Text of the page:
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Make Your Best Dog Manager and Watch Him Bark

One of the most serious mistakes that companies make is to promote people who are effective in the field and bring them in-house to become a manager.

This often doesn’t work, and you end up with the worst of both worlds…a poor manager and one less resource in the field.  Years ago, I heard a story that really resonated with me and it perfectly describes the mistake.

There are hunting places where they will rent you a dog to fetch the birds that you shoot, and there is intense competition for the best dogs.  An Investment Banker gets a big “kill” in the market and goes on a shooting spree at short notice for a different kind of “kill”.  He has his own gun but wants a dog, so he takes a risk and goes out with their newest, untried dog…and it is incredible!  The dog has an unbelievable knack of seeing where the birds the banker shoots land and unerringly fetches them and carries them back.  The banker is very focused and a great shot and his haul is impressive.  The dog has really helped him.

Three months later, he has the urge to release pressure by going shooting again and calls to make a reservation.  He asks for the dog, Salesman, and they tell him: “That’s a great choice.  This is our best dog and he has been promoted to “Super Salesman”.  The rate is double what is was before and the soonest he is available is next month.”

“That’s fine,” says the banker, “he is worth every cent,” and he books the trip.  The experience is even better than the first time because the dog is now more experienced and has honed its skills to complement its already wonderful natural abilities and great attitude.  The haul is a record number of birds and the banker cheerfully tells the hunting facility, “I’ll be back soon and want the same dog again”.

Three months later, he calls again and asks for Super Salesman but is told that the dog is no longer available.  “Oh no!”, he says, “What happened?”  There is a long pause and then the voice on the other end says, “It’s a sad story.  Salesman was our best dog and showed enormous promise.  He was quickly promoted to “Super Salesman” and continued to show enormous aptitude and ability and we decided to promote him to Sales Manager.  Now he won’t go out any more and just sits in his kennel and barks.”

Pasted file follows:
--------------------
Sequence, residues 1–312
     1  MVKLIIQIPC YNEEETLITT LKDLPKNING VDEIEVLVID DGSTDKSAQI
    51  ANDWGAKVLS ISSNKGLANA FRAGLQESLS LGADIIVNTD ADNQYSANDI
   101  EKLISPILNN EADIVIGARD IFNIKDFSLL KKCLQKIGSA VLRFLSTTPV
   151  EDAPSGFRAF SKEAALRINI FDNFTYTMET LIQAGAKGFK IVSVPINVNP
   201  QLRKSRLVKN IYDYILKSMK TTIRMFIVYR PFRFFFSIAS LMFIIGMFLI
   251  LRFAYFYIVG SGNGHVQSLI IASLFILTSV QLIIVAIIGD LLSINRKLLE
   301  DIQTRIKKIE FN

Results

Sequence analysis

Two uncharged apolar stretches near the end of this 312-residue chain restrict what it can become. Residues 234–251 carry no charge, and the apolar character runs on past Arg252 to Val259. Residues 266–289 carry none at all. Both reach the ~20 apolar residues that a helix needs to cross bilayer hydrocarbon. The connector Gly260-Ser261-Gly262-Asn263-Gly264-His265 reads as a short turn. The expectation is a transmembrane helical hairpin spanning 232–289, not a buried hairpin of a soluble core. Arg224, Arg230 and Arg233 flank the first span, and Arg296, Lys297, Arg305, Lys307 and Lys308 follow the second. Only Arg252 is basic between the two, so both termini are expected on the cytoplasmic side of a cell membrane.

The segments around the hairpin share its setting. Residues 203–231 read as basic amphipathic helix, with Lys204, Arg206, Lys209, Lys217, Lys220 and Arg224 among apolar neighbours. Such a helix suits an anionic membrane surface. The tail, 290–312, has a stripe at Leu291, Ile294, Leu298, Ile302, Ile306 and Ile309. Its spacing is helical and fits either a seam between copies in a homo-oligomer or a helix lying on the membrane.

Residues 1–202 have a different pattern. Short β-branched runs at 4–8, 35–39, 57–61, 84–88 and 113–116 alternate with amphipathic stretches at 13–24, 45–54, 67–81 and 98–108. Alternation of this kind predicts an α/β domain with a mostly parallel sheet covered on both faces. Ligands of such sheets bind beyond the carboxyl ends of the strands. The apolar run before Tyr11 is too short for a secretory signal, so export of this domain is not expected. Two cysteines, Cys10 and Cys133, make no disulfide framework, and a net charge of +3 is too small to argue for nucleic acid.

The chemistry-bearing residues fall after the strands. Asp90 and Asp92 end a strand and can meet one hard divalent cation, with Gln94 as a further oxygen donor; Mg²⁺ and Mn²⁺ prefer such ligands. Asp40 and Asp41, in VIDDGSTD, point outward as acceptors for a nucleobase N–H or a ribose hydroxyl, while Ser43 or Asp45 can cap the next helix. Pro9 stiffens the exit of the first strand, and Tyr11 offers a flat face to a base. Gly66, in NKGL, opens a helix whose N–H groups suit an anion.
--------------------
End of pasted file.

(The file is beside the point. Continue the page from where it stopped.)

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The universal tendency to promote people to one level above their level of competence has been enshrined into the language as the “Peter Principle”.  This is nowhere more apparent than in the case of salespeople where the optimal sales career pattern for the company does not necessarily lead from sales to sales management.

Finding a career path for people is essential if you are to retain them and connect them with the organization moving forward, but the traditional solutions don’t always work.  In many positions, the talents and behaviors required to succeed as a “doer” are very different than the talents and behaviors needed to succeed as a “manager”, and simply promoting the most successful people into “management” positions doesn’t work.

The problem is that you lose the talent in the old role and fail to get what you wanted in the new one…the worst of both worlds.  To compound the problem, it is very difficult to go back to where you were before as the expectations that have been raised and the public perception within the company makes it almost impossible for the “promoted” person to be “demoted” back to their old position without loss of face.

The issue is not only that the talents required to be a successful producer are not necessarily the same talents required to be a good manager; in the case of sales management the pure sales manager may make less than the star salespeople because of the commission dynamic, and you may need to look elsewhere for the sales manager and find a different promotion path to keep your top salespeople productive.

This doesn’t only apply to sales.  In my computer service company, I had about 120 service technicians and a need for technical service managers to run the technical operation.  Those managers were required to have a good technical knowledge to be able to do the job, but their market value was less than the top technical people out in the field.  Add to that the fact that moving in-house generally meant a loss of overtime and the economics became untenable.

The solution I found to this problem was to create a “technical support” unit that supported the “field” and went out as a super “support resource” to work on more technical problems but did not manage the technicians.  That role was handled by a lower-paid group of field managers who were also helped by the technical support people when the scale of technical issues became too great for them.

This model can be translated into a number of different organizational structures and the key is that it affords two, separate career paths.  Top performers, whether in sales or technical roles, have a career path that allows them to continue to use their unique skills for the benefit of the organization.  Lower level performers have a career path into management where they can apply their technical skills but develop further value to the organization by functioning in a management capacity.